The Indian statue


“I’ll meet you by the statue of the Indian,” we all say.

When I came to BYU I decided to study the plaque underneath the Indian statue. Impressed by his story, I resolved to dedicate it to memory, along with his name. Since then, I made a habit of asking dates and friends if they happened to know the name of the Indian statue on campus.

Surely someone else must know about Chief Massasoit — the keeper of peace and the savior of the Pilgrims. Well, I graduate this month, and in all my years of asking, only one person has been able to answer that question. While I understand that his minimalistic apparel, moccasins and chiseled abs draw more attention to him being a Native American than, say, Karl G. Maeser’s suit draws attention to him being a German, I hope not one of us will get a good night’s rest until we’ve committed Massasoit’s name to memory.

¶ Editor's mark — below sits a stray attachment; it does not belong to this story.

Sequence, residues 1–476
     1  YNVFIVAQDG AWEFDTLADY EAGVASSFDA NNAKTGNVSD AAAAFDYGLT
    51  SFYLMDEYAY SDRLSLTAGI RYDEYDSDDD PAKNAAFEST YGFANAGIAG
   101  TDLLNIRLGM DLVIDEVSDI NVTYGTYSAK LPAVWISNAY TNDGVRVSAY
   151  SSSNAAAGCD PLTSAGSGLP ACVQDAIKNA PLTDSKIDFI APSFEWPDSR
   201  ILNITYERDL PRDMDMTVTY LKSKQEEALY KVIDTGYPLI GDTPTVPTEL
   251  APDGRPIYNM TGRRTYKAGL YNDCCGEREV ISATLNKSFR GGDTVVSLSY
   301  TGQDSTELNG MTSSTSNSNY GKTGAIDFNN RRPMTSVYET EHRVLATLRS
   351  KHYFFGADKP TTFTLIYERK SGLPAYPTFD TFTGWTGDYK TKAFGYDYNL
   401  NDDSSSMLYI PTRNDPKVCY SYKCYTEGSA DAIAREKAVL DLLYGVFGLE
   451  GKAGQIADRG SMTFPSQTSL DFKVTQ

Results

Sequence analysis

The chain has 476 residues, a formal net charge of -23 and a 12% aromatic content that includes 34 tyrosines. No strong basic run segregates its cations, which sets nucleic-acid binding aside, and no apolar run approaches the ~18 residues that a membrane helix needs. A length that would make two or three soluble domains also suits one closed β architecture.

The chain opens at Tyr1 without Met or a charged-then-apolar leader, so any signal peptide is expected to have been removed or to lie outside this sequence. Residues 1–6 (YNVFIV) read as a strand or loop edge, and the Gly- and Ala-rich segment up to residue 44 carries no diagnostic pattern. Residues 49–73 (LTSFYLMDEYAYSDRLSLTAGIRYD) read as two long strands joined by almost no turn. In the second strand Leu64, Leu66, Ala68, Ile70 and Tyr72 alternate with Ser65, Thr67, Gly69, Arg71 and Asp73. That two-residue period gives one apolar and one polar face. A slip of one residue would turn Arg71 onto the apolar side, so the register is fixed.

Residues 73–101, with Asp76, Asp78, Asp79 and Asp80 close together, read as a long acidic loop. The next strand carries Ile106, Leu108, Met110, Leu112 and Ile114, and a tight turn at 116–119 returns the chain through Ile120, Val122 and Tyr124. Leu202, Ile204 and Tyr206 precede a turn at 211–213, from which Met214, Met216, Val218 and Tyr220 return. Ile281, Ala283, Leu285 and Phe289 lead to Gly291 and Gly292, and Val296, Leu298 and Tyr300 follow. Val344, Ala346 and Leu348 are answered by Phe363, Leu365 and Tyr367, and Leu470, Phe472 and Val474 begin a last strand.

Without a name, Massasoit has no story. Without a story, he is just a handsome, half-clad Indian. With a name, however, his statue, originally sculpted by Cyrus Dallin — who incidentally also sculpted the Angel Moroni statue for the Salt Lake Temple— serves its purpose of immortalizing a great man.

So the next time someone asks you to meet them by the statue of the Indian, do Massasoit a favor and kindly enlighten them.

Serena Johnson
Everson, Wash.

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